Maybe you’re like me.

  • Maybe you like to enjoy some leisure time or hobbies.
  • Maybe you like getting together with family and/or friends.
  • Maybe you like to improve yourself by learning new skills or mastering your existing abilities.

Maybe you’re like me…in fact, in this case, I bet you are.

The Exercise

person writing bucket list on book

Tell me, reader…what does the perfect day look like to you?

Get out a piece of paper and write down everything you’d like to do in this perfect day.

Make a list and next to each item, write an estimated amount of time you’d spend on each activity.

For example…

  • Sleep: 8 hours
  • Morning routine (coffee, shower, walking the dog): 1 hour
  • Read: 30 minutes
  • and so on…

Make sure to focus on your perfect day, NOT the perfect 24 hours.

For this exercise, imagine doing everything you’d want to do for as much time as you’d want to do it, even if that means 11 hours of Netflix.

So, what does your perfect day look like?

Was there enough time in a 24 hour period for your perfect day? When I do this exercise, I often come up with an answer between 26-32 hours. Maybe you’re like me, with more to do than you have time for. Maybe 24 hours is just right. Or maybe 24 hours is more than enough for you.

For those of you who have more to do in a perfect day than you have time, what gets cut first?

Would you trim the time equitably across everything? Would you cut individual activities? Do you prioritize work, rest, relationships, or something else?

Now riddle me this: how close it that to what your day currently looks like?

To Work or Not to Work?

I like to do this perfect day exercise periodically because it is an illuminating look at my current priorities. The act of listing out everything I’d do on a perfect day and then trying to make that day happen within 24 hours forces me to confront my priorities and my limitations. It also forces me to confront my current schedule and behaviors.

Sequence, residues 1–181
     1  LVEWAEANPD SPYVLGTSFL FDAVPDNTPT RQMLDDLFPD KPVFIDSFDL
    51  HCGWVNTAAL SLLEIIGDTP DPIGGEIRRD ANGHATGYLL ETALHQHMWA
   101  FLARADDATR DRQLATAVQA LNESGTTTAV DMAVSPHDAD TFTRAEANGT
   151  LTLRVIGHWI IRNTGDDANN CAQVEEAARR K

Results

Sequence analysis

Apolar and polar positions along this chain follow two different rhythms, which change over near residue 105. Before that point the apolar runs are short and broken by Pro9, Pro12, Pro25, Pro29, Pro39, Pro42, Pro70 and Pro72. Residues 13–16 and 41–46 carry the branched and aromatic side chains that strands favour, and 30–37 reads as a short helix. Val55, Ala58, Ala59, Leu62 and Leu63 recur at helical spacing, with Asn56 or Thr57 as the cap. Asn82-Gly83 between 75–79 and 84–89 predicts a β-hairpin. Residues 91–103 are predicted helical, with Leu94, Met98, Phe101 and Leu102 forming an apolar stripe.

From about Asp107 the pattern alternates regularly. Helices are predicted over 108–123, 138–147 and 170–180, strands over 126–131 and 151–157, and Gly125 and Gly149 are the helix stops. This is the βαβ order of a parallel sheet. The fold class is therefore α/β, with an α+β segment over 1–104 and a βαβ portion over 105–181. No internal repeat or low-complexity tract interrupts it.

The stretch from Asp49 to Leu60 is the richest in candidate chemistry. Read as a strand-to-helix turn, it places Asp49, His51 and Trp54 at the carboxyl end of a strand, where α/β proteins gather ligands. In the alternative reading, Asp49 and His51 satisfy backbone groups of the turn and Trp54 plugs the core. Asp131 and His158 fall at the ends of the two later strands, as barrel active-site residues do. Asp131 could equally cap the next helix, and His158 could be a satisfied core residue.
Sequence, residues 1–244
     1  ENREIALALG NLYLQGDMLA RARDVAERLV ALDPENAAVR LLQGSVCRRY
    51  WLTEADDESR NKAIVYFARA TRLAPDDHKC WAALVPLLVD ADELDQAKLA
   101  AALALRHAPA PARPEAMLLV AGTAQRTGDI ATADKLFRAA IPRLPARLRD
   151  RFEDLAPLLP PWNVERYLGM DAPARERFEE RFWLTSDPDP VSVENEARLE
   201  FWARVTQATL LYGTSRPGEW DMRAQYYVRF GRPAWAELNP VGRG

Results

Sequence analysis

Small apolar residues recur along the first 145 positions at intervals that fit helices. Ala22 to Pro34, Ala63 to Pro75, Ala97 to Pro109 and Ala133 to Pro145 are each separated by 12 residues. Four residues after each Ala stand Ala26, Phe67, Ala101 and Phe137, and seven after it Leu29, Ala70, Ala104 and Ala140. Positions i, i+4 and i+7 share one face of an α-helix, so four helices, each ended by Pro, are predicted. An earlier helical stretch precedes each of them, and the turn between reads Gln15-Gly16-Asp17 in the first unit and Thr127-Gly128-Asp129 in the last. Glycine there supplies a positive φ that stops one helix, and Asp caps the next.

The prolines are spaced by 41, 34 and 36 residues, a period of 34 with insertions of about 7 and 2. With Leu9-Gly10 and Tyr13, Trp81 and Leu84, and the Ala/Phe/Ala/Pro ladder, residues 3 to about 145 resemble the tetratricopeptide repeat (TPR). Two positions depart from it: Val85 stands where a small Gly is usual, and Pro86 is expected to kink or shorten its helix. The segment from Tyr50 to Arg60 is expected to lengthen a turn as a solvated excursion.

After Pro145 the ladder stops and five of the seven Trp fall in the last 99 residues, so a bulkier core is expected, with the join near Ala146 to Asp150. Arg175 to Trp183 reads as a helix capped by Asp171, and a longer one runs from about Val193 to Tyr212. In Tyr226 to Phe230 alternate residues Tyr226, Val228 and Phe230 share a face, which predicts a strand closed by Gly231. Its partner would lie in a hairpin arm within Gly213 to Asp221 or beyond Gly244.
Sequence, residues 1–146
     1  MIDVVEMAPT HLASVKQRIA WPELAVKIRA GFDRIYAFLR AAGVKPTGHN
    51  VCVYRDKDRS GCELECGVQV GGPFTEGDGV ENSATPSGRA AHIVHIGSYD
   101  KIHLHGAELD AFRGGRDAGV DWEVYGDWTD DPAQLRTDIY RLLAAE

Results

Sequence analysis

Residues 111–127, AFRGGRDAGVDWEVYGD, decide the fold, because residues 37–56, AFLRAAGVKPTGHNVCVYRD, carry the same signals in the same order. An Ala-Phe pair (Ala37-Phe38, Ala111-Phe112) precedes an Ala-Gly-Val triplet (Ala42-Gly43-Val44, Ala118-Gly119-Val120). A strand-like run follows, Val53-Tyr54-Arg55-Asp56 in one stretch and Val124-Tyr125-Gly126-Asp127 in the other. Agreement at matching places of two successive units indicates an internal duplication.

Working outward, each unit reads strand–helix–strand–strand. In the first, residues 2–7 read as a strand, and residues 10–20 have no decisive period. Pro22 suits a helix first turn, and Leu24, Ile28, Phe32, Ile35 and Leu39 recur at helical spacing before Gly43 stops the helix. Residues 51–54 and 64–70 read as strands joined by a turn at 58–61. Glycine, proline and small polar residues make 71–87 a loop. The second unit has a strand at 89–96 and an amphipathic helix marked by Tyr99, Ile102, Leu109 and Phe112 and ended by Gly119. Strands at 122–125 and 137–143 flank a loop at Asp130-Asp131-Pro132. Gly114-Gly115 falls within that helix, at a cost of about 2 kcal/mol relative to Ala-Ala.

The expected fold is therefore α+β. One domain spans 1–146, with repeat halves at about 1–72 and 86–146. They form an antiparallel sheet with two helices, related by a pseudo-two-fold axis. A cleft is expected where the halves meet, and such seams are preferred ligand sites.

My friend David posted this tweet on Friday. It resonated with me.

I love video games. I find them calming, but I often feel guilty indulging in them, as if Thursday evening at 8:30pm is somehow supposed to be reserved for catching up on work rather than something relaxing.

There’s an often cited tweet by Randi Zuckerberg, sister of robot-demon pretending to be human: Mark Zuckerberg:

While I don’t entire agree with this tweet, there is an important idea in there. Life is about choices, and what this tweet implies is this idea we’ve collective internalized, that we simply cannot fit it all in. Part of the reason we think this is because of the oversized importance that work takes in our lives. In light of all of our responsibilities at work, there’s no possible way we could fit it all in.

But is this actually true?

Could it really happen?

Realistically, what you want as a standard perfect day, is probably not THAT far off from what you could be doing now. Sure, there’s probably a bit less time working, and a bit more time engaging in leisure or catching up with friends but…is that a bad thing? What would it take for you to tip-toe closer to the perfect day? Really? What would it take, and what are your next steps? Where can you make adjustments?

You may realize that there are a multitude of different types of perfect days. Maybe one is a perfect day of leisure while one is a perfect day of work. This gives you the opportunity to engineer different perfect days across your week.

I do this exercise regularly, and recently, one of the things I realized is that I want to spend more time with my daughter, my wife, and my dog (in no particular order). So, when I saw that while doing this exercise, I made the decision to take Fridays off to be with my daughter.

  • Yes, I realize not everyone can do this.
  • Yes, I am lucky and privileged to have the opportunity to do this.
  • I do not take this for granted.

I bring up this example because when I looked at what I was doing and what I wanted to do, I saw an opportunity that I could capitalize on to move one step closer to my perfect day, at least one day per week.

I also wanted to learn Mandarin, and read 30 minutes per day. So, I study Mandarin with my morning coffee and listen to audible when walking my dog in the morning and evening, as well as after dropping off my wife at work and on my way to pick her up after work. I found spaces in my day to start living a life that more closely resembles my perfect day.

I bring all of these examples up because I hope to inspire you to challenge yourself to take one step closer to your perfect day. Ideally, we’d all be living our perfect days, but I can assure you, it won’t happen by accident.

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